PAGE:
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The ecosystem approach in ocean planning and governance

Conference

The ecosystem approach gained formal recognition in the field of international law in 1995 when the parties to the Convention of Biological Diversity (CBD) adopted a 'common understanding' of the approach and called on all governments and international organizations to apply it. It has subsequently been endorsed, inter alia, by the parties to the Helsinki Convention on the Protection of the Marine Environment of the Baltic Sea Area.

The ecosystem approach gained formal recognition in the field of international law in 1995 when the parties to the Convention of Biological Diversity (CBD) adopted a 'common understanding' of the approach and called on all governments and international organizations to apply it. It has subsequently been endorsed, inter alia, by the parties to the Helsinki Convention on the Protection of the Marine Environment of the Baltic Sea Area.

According to the 'common understanding' of the CBD the ecosystem approach'...is a strategy for the integrated management of land, water and living resources that promotes conservation and sustainable use in an equitable way...' It '...requires adaptive management to deal with the complex and dynamic nature of ecosystems and the absence of complete knowledge or understanding of their functioning.'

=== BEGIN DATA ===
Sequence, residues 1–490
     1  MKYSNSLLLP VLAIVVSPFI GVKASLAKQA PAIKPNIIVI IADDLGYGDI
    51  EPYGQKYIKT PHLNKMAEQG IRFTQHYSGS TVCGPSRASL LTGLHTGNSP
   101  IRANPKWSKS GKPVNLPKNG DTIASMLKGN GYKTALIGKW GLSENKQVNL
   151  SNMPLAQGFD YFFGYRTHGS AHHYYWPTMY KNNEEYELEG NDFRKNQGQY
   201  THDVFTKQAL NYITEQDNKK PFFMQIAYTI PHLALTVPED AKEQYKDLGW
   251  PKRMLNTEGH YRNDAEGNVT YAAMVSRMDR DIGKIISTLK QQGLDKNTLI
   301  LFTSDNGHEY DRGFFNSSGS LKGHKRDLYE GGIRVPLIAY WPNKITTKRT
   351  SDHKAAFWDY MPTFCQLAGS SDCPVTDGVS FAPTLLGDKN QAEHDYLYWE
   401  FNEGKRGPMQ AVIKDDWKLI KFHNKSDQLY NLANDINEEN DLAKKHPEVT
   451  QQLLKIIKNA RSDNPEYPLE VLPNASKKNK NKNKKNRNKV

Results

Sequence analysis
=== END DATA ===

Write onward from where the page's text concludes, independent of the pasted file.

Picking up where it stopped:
In EU law the Marine Strategy Framework Directive requires adaptive management on the basis of the ecosystem approach to be applied with the aim of attaining good environmental status and according to the directive on marine spatial planning an ecosystem-based approach will allow for an adaptive management which ensures refinement and further development as experience and knowledge increase.

The EU's common fisheries policy (CFP) aims to implement the ecosystem-based approach to fisheries management so as to ensure that negative impacts of fishing activities on the marine ecosystem are minimised.

Due to the various, and varying, features and complexities of both ecosystems and legal/administrative systems the effective implementation in practice of the ecosystem approach can be highly challenging and requires many aspects to be considered.

The conference aims to explore these challenges and look for good examples of the bridging or integration of the forces/logics that govern ecosystems and legal/administrative systems respectively.

Lecturer: Sue Kidd, Senior lecturer, School of Environmental Sciences, Liverpool, UK; David Fluharty, Associate Professor, School of Marine and Environmental Affairs, University of Washington, USA; Frank Maes, Professor, Faculty of Law, Ghent University, Belgium; Rosemary Rayfuse, Professor, University of New South Wales, Australia.

Date & hour: 11/7/2016 at 9:30 AM till 11/8/2016 at 3:30 PM

Categories: Sustainable development, Economics and Law , Environment

Organizer: Department of Law

Location: School of Business, Economics and Law, Vasagatan 1
B33

Additional information:
TheEcosystemApproach5final.pdf

Contact person: Aron Westholm

Page Manager: Jeffrey Johns|Last update: 6/22/2011
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